Owens Corning undertook one of the best examples of this enrollment back in the 1990’s when their asphalt roofing business desperately needed a price increase. As it turned out, the business needed a price increase that basically worked out to a one cent price increase per pound of shingles. (It should be noted that this was not a common measure of how shingles were priced.)

The leadership team made the price increase goal come alive and seem achievable

banana2What was special about the one cent number is how small it seemed to the sales team.

The Owens Corning team kept up the math game and worked out what the average cost per pound shingles worked out to be. At the time it was roughly the price of a pound of bananas.

An analogy was born. Bananas came in only three colors: green, yellow and brown. Shingles came in over 30 colors yet were the same price.

At a national sales meeting, the banana case was made. After a presentation featuring a roof illustrated with bunches of bananas, the sales team took a morning break to find tables set outside the meeting room filled with bananas (some even were stickered with the OC logo).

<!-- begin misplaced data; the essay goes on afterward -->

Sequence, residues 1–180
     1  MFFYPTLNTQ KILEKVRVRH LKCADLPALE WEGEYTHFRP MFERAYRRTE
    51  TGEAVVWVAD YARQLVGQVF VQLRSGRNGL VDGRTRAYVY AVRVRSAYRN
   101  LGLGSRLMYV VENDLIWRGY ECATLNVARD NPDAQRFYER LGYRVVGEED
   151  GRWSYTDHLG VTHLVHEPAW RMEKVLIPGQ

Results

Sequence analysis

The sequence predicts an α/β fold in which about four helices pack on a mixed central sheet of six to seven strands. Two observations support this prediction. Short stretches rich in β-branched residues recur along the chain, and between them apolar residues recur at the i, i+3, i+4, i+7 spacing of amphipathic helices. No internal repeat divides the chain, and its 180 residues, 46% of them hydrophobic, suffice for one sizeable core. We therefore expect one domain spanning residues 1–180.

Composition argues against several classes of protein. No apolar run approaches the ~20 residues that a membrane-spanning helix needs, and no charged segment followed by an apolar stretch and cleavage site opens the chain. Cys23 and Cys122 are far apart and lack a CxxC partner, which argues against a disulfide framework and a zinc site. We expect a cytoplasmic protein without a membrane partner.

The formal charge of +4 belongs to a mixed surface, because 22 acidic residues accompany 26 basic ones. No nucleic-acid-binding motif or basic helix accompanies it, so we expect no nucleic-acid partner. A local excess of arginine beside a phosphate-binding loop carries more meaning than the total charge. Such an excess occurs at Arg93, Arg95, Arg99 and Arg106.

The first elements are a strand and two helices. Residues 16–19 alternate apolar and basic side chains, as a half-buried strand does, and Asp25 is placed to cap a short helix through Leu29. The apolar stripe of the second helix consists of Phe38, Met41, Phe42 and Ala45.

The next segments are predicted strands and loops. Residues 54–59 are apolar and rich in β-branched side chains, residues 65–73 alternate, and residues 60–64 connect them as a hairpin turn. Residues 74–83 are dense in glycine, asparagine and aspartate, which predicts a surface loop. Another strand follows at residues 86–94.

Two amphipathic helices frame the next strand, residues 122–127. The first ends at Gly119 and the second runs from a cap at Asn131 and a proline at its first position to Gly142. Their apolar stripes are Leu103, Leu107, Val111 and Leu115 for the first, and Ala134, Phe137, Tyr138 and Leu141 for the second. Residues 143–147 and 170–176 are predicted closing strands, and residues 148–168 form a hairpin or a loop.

Creating a rallying cry helps create engagement

After the sales meeting, the division president reinforced the urgency of his price increase message with a letter to each sales person. Included with his note was a t-shirt with a banana on it (complete with the company logo).

Bananas quickly showed up on presentations, buttons and pins to show solidarity with the critical mission of achieving a one cent per pound price increase.

The roofing product manager demonstrated that adding value changes the underlying pricing assumption. In this case, he showed the price per pound of a banana is far, far less than the price per pound of banana bread or banana cream pie.

Keep the team informed on execution success